The results are in from a massive, national earmarks project. The idea behind the investigation is simple and worth repeating: The Associated Press Managing Editors Association got together with D.C. watchdogs, the Sunlight Foundation and Taxpayers for Common Sense, and trained reporters across the country on how to dig into lawmakers' earmarks.

This weekend, the AP, along with a number of regional papers, published what they came up with. The Sunlight Foundation has been compiling a full list of those local stories, which scrutinized the earmarking practices of politicians and attempted to follow the money (contributions, lobbying fees) behind them.

The first finding: Despite a succession of raging scandals involving earmarks -- lobbyist Jack Abramoff, ex-Rep. Duke Cunningham, the bridge to nowhere -- the practice (surprise!) remains very popular. There are a number of examples of lawmakers delivering multi-million dollar appropriations to private companies, companies that just happened to then fill the lawmakers' coffers.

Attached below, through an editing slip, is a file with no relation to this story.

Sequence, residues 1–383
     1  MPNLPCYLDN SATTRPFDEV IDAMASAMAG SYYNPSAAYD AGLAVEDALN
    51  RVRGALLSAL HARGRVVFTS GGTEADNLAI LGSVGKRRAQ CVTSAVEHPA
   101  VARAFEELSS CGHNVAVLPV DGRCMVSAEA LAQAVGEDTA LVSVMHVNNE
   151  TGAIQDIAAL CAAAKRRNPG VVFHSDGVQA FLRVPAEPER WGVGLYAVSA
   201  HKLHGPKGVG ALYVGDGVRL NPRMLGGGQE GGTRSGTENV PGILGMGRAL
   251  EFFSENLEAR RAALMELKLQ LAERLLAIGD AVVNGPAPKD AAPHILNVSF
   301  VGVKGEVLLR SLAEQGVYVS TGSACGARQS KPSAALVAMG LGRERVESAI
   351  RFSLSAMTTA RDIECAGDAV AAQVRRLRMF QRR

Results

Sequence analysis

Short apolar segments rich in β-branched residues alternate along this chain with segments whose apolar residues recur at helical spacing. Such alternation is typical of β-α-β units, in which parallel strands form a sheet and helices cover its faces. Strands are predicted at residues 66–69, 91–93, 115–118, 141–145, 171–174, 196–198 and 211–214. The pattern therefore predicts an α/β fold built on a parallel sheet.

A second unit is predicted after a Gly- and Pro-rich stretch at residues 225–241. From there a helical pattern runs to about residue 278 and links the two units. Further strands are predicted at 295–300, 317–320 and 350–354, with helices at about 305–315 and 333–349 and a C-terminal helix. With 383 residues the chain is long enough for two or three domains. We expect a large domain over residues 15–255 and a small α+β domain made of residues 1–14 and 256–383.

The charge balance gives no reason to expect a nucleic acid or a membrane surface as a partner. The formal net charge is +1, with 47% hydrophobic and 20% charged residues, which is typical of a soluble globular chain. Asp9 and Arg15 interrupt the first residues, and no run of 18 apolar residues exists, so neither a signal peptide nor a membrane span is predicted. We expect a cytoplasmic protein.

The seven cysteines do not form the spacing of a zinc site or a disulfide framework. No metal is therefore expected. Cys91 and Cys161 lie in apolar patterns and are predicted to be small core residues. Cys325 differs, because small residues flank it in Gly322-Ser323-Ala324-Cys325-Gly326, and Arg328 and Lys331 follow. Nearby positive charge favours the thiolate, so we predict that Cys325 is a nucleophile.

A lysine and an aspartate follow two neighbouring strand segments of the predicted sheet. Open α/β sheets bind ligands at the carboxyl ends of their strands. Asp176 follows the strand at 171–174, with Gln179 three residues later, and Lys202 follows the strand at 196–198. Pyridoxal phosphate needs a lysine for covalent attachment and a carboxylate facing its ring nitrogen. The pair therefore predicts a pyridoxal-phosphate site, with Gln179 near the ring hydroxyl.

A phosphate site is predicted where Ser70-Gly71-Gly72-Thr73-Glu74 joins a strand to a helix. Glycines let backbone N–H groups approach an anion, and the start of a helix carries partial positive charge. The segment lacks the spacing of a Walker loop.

The stories also make clear that the key to a successful earmark bid is getting a lobbyist -- and filling legislators' tip jars. From the AP:

"I know a bunch of members that if you go in to see them, somewhere in the conversation they somehow say, 'Well, we were looking through our list of campaign contributors and didn't happen to see you there,'" said Frank Cushing, a lobbyist with the National Group, which lobbies on appropriations bills. "Is there a quid pro quo? No, not directly, but you'd have to be pretty dense not to figure it out."

The explicit campaign solicitations usually take place in the days following a meeting where an earmark is discussed.

"You can ask any lobbyist in town. You bring a new client in to see a member and everything is nice-nice and you have a good meeting and everybody's exchanging business cards," said another lobbyist who focuses on earmarks. "Within 48 hours, the clients and their lobbyist – me – will get a fundraising phone call."

The project did not produce evidence of another Duke Cunningham. But if this becomes an annual exercise, the likelihood of lawmakers exchanging money for earmarks might just diminish.